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The use of microcomputers as decision aids in law practice is increasing rapidly. Nagel here shows how developments in software over the last few years are making microcomputers practically indispensable to lawyers as decision aids. This is in contrast to his earlier book on Microcomputers as Decision Aids in Law Practice. It dealt speculatively with ways in which decision-aiding software could be used by lawyers for judicial prediction, litigation strategy, allocating scarce resources, and negotiation-mediation. The book is divided into three parts covering general developments, specific lawyer skills, and application to all fields of law. The first part previews various uses of decision-aiding software by practicing lawyers, including a general discussion of the potential and actual benefits of such software. How decision-aiding software enhances specific lawyer skills comprises the second and largest part of the work. Among the topics discussed are computer-aided counseling, computer-aided mediation, legal policy evaluation and computer-aided advocacy, law prediction, and legal administration. In the third part, Nagel assesses applications of decision-aiding software to all fields of law, with an emphasis on contracts, property, torts, family law, criminal law, constitutional law, economic regulation, international law, civil procedure, and criminal procedure. In a provocative concluding chapter, he deals with the thorny issues of individual ethics and professional responsibility in the context of microcomputers. Because decision-aiding software encourages decision makers to be much more explicit about their goals than they otherwise would be, its use raises questions as to whose goals should be pursued and to what degree. This is a nuts-and-bolts guidebook that will be a valuable tool for practicing attorneys with some knowledge of microcomputers and is recommended reading for legal scholars and law students.
From the simple applications that people use every day to specialized professional software, all computer programs are the result of hard work and creativity. Readers will find out how the members of a software development team work together to create todays top programs. They will also learn how the earliest computer software was created, where the field is headed in the future, and much more.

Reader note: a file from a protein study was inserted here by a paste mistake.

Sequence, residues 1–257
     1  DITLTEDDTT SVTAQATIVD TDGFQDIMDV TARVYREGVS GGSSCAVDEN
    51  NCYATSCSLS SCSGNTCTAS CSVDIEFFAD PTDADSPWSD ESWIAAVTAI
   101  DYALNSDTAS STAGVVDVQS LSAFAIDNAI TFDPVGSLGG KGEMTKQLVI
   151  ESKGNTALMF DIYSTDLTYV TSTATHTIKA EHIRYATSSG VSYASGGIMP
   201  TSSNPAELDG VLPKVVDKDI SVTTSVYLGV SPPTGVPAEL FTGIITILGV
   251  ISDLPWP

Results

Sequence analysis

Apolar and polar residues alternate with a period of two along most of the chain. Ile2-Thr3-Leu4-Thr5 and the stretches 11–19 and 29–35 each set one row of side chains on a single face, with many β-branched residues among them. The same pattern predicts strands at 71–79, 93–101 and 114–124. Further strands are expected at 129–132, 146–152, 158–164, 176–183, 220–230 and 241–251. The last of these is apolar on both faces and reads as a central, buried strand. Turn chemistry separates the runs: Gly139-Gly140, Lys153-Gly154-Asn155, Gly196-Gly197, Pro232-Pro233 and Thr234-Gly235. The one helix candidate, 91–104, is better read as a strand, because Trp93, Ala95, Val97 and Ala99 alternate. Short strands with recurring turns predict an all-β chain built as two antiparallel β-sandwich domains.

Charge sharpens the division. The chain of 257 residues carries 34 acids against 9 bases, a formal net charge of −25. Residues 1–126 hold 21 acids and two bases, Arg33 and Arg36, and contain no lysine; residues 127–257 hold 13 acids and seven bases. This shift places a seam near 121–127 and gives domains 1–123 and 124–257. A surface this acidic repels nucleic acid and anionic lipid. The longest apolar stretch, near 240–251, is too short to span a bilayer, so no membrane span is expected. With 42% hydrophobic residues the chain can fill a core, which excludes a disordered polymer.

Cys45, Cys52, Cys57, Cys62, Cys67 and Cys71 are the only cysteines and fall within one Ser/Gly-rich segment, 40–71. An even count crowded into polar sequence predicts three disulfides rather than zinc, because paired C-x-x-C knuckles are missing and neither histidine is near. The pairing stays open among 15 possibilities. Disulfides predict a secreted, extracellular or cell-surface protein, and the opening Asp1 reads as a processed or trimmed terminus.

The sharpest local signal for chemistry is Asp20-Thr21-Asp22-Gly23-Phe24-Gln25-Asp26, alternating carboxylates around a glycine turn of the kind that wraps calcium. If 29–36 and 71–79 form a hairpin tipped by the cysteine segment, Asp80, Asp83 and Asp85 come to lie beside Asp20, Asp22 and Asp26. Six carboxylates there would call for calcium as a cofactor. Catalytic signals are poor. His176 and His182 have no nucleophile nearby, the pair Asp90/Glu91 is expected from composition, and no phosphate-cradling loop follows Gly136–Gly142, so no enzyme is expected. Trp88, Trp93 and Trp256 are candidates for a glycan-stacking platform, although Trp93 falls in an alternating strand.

Among the first casebooks in the field, Software and Internet Law presents clear and incisive writing, milestone cases and legislation, and questions and problems that reflect the authors' extensive knowledge and classroom experience. Technical terms are defined in context to make the text accessible for students and professors with minimal background in technology, the software industry, or the Internet.
Always ahead of the curve, the Fourth Edition adds coverage and commentary on developing law, such as the Digital Millennium Copyright Act's Safe Harbor, the Electronic Communications Privacy Act, and the Stored Communications Act.
Hard-wired features of Software and Internet Law include:
The Fourth Edition responds to this fast-changing field with coverage of :
An Approach to Complexity from a Human-Centered Artificial Intelligence Perspective to The Virtual Workplace
Software quality stems from two distinctive, but associated, topics in software engineering: software functional quality and software structural quality. Software Quality Engineering studies the tenets of both of these notions, which focus on the efficiency and value of a design, respectively. The text addresses engineering quality on both the application and system levels with attention to Information Systems and Embedded Systems as well as recent developments. Targeted at graduate engineering students and software quality specialists, the book analyzes the relationship between functionality and quality with practical applications to related ISO/IEC JTCI SC7 standards.
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